The money spent to attend one of Taylor Swift’s shows likely would have been spent on other things, possibly other entertainment options, whenever people were attending the show. The concerts are simply the results of a reallocation of spending in a local economy, rather than in real increases in economic activity. So, while Swift’s concerts have generated a lot of revenue (“the seen”), it’s essential to consider that these earnings could have been allocated elsewhere in the local economy (“the unseen”).
Some Residents Are Leaving Behind a Blank Space
These events can quickly fill up hotel rooms and provide a little jolt to the tourism industry on concert weekends. In fact, the Philadelphia Federal Reserve got pulled into the mix when reporters misattributed a comment in the Beige Book about Taylor Swift’s concerts increasing hotel bookings. While that weekend may have sold out, the same report also noted that tourism was slowing overall. Here’s the full comment provided by the Philadelphia Federal Reserve:
Despite the slowing recovery in tourism in the region overall, one contact highlighted that May was the strongest month for hotel revenue in Philadelphia since the onset of the pandemic, in large part due to an influx of guests for the Taylor Swift concerts in the city.
This type of activity is easy to report ("the seen"), but it usually ignores the crowd-out effect ("the unseen"). Unfortunately, that lost spending isn’t easy to track because locals are taking their business to other cities. While these concerts may result in an influx of Swifties; some locals might decide to skip town to escape the concert chaos:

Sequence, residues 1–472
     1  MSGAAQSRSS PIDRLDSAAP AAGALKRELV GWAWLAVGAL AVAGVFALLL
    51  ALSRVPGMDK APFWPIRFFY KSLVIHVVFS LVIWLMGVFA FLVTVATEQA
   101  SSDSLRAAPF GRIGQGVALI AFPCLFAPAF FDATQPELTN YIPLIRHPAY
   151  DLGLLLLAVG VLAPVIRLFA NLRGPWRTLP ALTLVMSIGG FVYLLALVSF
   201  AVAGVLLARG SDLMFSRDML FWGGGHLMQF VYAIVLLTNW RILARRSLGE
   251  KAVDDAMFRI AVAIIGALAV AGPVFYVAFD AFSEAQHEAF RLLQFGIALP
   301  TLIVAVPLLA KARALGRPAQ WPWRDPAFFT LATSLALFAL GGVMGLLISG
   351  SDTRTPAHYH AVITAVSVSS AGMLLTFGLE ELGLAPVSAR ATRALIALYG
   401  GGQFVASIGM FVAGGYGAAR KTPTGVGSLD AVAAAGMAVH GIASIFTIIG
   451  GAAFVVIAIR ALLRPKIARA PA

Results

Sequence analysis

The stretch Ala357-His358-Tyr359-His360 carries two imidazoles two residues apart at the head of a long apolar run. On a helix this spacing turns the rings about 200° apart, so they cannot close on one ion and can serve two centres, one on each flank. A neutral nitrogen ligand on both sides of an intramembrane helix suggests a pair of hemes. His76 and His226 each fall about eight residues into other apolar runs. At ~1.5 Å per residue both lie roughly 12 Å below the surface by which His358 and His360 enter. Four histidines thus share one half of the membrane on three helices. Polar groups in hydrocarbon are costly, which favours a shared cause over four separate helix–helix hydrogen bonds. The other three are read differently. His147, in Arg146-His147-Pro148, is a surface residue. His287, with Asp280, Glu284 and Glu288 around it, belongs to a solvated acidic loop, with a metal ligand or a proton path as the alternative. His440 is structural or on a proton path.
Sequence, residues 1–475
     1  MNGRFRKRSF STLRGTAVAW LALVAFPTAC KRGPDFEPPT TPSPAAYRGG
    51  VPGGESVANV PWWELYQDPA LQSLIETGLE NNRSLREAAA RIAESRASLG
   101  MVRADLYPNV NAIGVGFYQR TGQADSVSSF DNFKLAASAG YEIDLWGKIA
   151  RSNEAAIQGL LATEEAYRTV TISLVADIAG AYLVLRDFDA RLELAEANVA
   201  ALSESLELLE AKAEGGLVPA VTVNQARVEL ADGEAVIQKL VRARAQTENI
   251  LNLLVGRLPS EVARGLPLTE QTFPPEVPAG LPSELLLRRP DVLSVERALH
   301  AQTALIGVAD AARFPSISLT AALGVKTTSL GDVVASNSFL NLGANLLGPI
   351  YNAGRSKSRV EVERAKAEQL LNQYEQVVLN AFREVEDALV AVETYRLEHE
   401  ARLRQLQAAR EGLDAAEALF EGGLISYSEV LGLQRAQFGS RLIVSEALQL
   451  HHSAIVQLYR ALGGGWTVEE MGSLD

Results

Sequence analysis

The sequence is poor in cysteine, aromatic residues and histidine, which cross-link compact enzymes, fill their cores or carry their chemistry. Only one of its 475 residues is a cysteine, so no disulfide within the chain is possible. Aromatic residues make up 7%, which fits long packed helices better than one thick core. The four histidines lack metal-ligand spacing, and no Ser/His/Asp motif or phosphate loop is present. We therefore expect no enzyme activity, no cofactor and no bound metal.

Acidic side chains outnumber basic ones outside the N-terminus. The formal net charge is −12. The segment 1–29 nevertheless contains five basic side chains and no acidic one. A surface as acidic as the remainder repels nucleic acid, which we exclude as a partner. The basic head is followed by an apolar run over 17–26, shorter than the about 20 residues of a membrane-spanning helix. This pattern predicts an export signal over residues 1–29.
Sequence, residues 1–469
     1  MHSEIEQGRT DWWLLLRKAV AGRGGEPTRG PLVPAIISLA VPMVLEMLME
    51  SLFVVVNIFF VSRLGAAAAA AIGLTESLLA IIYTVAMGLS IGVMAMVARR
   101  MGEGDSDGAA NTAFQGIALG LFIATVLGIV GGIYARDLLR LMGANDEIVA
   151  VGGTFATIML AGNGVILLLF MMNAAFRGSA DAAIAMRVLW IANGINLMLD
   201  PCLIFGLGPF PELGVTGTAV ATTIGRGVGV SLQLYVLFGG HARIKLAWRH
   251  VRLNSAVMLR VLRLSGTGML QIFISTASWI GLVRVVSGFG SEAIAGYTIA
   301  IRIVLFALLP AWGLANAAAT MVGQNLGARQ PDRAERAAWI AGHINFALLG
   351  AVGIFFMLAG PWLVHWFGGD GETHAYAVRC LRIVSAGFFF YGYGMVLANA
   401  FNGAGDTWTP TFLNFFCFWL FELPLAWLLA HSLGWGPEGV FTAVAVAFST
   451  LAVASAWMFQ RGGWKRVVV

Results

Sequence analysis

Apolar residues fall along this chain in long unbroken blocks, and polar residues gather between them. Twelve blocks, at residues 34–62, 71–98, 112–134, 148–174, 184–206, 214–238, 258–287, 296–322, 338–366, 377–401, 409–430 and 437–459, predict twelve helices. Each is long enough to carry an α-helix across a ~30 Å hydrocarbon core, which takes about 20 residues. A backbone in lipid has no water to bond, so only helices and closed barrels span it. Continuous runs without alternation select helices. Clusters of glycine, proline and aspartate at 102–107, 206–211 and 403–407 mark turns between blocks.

This crowd-out effect isn’t just limited to the locals, however. These concerts are held in cities that are already popular destinations for tourists after all! Other tourists who had their hearts set on visiting the city during that particular weekend might have a change of heart and decide to head elsewhere, all to avoid the hustle and bustle.
Alternatively, some Swifties who were planning a trip to the city in the future may push up their vacation to align with the concert dates. The spending may coincide with the concert weekend, but it would have happened eventually in the future had the concert not happened. That behavior could explain why people are spending thousands of dollars to see Beyonce and Taylor in their overseas concerts. So, while it’s tempting to focus on the packed hotels and buzzing streets when Taylor Swift’s in town, we’ve got to remember that it’s not the whole story.
All The Spending Had to Do Was Stay
Economic impact studies often neglect to consider leakage, where a substantial portion of the money spent in the city does not stay within the local economy. But where does the money actually go? It can end up in the pockets of non-local entities like artists, ticketing platforms, and hotel chains. But the most significant recipient? Taylor Swift herself, who is estimated to earn $4.1 billion from the Eras Tour. And where does she take her earnings? Back to her home in New York.